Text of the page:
Everyone knows about the journey Phileas Fogg took around the world in Jules Verne’s Around the World in Eighty Days. A mechanically minded English gentleman suddenly jets off around the world, accompanied by his French valet, Passepartout, and has a variety of adventures – including saving a Parsi woman from death and avoiding arrest by an English detective.
A close reading of the story, however, reveals some key plot holes, such as why did Fogg take the bet in the Reform Club? He appeared to never leave England, and there was no real reason for him to declare that he’d do so now. For someone who lived such a routine life, in fact, going on a world-girdling adventure appeared completely out of the question. And would, for any normal person.
But Phileas Fogg was not normal. Rather, he was an agent of an alien race known as the Eridaneans in their secret war against the evil Cappelleans. It’s this story – the real story – behind the world-spanning adventure of Verne’s tale that Phillip Jose Farmer relates in The Other Log of Phileas Fogg (Titan Books, May 2012, 246 pp.).
The Other Log is the first in Farmer’s Wold Newton Universe, which assumes the great heroes of 19th Century European literature were real people and the novels about them were only thinly veiled fictionalizations of their lives. Titan is re-releasing the Farmer books, originally published in the 1970s, in wonderful new paperback editions so they remain in print.
The Other Log begins with a commentary on whether or not Verne knows the real story behind the famous global dash around the world. Farmer assumes he didn’t, otherwise the venerable French author would be too afraid to write about it. This secret war, you see, has been going on about 200 years by the time of Fogg’s journey. A journey, incidentally, that he was told to take by the chief Eridanean in order to secure a secret transportation device known as a distorter.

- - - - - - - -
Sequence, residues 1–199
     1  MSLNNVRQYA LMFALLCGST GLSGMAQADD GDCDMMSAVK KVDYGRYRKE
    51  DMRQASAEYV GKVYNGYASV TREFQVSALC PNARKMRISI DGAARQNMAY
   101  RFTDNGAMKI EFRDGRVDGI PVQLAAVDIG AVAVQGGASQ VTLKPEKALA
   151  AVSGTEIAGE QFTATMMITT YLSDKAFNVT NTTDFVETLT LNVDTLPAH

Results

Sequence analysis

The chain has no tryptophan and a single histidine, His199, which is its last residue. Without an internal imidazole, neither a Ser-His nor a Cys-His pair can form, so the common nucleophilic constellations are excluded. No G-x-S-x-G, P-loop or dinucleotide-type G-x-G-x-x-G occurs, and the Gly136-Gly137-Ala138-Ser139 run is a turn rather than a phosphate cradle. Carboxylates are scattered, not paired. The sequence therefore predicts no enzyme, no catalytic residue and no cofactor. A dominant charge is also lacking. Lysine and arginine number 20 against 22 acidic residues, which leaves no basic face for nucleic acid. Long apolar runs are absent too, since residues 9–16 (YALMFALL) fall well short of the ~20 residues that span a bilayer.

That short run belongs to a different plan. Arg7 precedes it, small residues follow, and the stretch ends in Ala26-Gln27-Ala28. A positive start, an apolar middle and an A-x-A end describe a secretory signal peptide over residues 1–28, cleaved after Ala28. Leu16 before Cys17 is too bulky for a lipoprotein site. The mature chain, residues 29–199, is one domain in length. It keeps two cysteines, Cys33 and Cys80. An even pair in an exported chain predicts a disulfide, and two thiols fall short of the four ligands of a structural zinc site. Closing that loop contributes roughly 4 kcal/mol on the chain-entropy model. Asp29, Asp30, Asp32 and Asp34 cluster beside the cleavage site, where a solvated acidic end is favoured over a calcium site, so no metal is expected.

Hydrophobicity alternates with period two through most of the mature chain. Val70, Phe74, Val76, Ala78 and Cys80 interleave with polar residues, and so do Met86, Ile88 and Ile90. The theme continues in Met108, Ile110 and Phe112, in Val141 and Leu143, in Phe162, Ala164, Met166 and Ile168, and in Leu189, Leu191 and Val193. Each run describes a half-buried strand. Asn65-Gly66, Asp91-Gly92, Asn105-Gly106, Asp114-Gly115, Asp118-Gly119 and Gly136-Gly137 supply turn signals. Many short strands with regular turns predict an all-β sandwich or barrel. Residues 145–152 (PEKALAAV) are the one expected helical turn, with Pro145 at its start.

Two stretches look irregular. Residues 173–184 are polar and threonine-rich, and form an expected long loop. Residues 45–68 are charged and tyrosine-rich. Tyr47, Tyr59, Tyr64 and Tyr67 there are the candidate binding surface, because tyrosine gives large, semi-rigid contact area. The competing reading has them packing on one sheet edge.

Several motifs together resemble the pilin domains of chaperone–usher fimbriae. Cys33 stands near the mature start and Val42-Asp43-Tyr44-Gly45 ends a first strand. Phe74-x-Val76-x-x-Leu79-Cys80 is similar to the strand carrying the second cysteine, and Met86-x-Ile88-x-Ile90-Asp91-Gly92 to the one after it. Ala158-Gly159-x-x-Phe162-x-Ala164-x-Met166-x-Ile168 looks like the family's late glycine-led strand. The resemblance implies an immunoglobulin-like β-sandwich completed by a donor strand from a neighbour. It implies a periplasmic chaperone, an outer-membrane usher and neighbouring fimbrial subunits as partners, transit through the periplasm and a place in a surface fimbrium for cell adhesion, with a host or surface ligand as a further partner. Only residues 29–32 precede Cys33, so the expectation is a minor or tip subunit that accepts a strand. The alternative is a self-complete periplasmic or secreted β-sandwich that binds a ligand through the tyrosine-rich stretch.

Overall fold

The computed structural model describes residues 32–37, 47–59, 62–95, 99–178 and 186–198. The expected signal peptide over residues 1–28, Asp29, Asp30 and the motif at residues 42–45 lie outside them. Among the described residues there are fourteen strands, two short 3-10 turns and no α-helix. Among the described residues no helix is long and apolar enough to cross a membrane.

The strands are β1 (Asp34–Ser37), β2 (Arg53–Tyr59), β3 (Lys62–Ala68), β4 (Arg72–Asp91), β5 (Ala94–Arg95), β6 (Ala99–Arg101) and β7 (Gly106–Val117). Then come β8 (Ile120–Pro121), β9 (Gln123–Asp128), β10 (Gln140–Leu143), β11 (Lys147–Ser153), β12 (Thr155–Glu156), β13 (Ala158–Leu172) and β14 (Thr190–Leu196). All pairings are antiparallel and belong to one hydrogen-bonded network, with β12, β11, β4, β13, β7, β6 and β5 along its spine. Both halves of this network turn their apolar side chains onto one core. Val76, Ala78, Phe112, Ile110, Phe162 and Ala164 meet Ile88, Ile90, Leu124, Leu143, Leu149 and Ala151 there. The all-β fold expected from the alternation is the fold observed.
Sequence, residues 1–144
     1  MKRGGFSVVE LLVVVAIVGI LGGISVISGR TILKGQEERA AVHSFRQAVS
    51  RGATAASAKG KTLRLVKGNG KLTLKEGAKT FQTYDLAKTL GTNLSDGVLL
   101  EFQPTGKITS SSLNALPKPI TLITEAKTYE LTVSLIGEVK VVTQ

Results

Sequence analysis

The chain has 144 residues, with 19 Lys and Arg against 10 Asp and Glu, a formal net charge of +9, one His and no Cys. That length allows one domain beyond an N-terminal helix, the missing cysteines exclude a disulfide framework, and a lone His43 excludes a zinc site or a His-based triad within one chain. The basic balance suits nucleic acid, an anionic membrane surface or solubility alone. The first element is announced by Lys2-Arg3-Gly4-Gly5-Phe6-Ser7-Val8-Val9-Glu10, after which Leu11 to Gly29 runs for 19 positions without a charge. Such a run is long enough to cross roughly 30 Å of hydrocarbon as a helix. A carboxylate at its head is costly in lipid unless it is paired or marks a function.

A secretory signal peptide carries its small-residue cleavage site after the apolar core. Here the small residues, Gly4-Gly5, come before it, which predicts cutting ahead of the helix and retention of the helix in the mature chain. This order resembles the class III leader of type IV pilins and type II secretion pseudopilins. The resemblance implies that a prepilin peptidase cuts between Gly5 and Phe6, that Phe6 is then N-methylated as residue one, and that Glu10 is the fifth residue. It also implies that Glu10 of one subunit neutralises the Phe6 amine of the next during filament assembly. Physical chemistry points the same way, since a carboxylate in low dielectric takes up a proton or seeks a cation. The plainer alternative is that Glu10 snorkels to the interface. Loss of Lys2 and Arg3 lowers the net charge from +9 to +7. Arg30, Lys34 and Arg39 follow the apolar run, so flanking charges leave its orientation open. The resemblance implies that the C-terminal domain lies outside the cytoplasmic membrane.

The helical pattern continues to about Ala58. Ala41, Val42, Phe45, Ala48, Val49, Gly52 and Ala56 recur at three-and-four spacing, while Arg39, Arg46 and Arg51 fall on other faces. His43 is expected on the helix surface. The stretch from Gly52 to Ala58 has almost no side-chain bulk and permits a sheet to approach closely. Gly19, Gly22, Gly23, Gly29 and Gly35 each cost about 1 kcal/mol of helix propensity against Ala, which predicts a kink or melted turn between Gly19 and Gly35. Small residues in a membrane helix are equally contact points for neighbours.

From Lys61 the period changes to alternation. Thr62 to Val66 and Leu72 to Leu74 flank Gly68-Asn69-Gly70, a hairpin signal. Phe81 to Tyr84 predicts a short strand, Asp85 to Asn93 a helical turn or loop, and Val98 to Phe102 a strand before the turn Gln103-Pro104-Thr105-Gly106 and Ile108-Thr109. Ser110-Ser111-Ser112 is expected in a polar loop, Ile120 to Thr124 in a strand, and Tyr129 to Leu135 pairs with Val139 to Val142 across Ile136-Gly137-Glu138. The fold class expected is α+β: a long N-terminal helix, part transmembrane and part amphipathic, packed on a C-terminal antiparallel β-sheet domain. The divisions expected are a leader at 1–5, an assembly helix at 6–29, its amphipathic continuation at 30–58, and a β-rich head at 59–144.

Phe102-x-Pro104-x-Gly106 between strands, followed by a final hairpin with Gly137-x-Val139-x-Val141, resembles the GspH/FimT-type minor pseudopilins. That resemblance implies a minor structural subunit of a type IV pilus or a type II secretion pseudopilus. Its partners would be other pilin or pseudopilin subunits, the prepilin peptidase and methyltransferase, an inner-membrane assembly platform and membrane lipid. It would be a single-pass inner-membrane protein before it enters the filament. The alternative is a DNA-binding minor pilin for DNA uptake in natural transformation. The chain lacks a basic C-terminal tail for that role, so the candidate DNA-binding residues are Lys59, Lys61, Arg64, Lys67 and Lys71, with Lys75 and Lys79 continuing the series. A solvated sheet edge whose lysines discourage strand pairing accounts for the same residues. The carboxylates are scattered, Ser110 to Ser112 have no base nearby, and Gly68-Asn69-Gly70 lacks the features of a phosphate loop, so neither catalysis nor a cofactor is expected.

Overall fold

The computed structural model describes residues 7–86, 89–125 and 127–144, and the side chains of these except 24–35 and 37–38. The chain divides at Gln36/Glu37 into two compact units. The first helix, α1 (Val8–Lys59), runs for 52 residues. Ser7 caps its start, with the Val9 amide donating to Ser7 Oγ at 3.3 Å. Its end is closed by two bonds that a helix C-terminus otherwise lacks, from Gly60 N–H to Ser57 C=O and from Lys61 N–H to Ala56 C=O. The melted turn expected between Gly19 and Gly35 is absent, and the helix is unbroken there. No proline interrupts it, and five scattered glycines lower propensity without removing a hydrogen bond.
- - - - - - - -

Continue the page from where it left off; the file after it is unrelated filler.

The Cappelleans have secured one of these devices in China, and this is something the Eridaneans cannot let pass. The two races are deadly enemies, with each committed to the other’s extinction so they can bring mankind into a new era of peace and harmony. Seriously … that’s the goal of both sides.
Passepartout is an alien agent as well, as is Aouda (the Parsi woman Fogg saves). Arrayed against them are Captain Nemo – real name Professor James Moriarity – and Colonel Sebastian Moran as the Capellean agents. Oh, and the Fogg-chasing Detective Fix is a Cappellean agent as well, which adds an entirely new depth to his pursuit of Fogg across the entirety of the globe.
All in all, The Other Log makes Phileas Fogg out to be much more of an action hero than he was in Around the World in Eighty Days. I rather liked the examination into what might be the story behind the story, which could also explain such odd occurrences in the original story as to why the clocks of London all struck nine when Fogg arrived. (Hint: A distorter emits nine loud clangs when it goes off, so Farmer postulates that it was actually a distorter banging when Fogg arrived.)
I highly suggest The Other Log for any Steampunk fan looking for another interpretation of the global dash Fogg took around the world. It’s good reading, and offers a very well-put-together story in its own right. I give it 5 gears of out 5.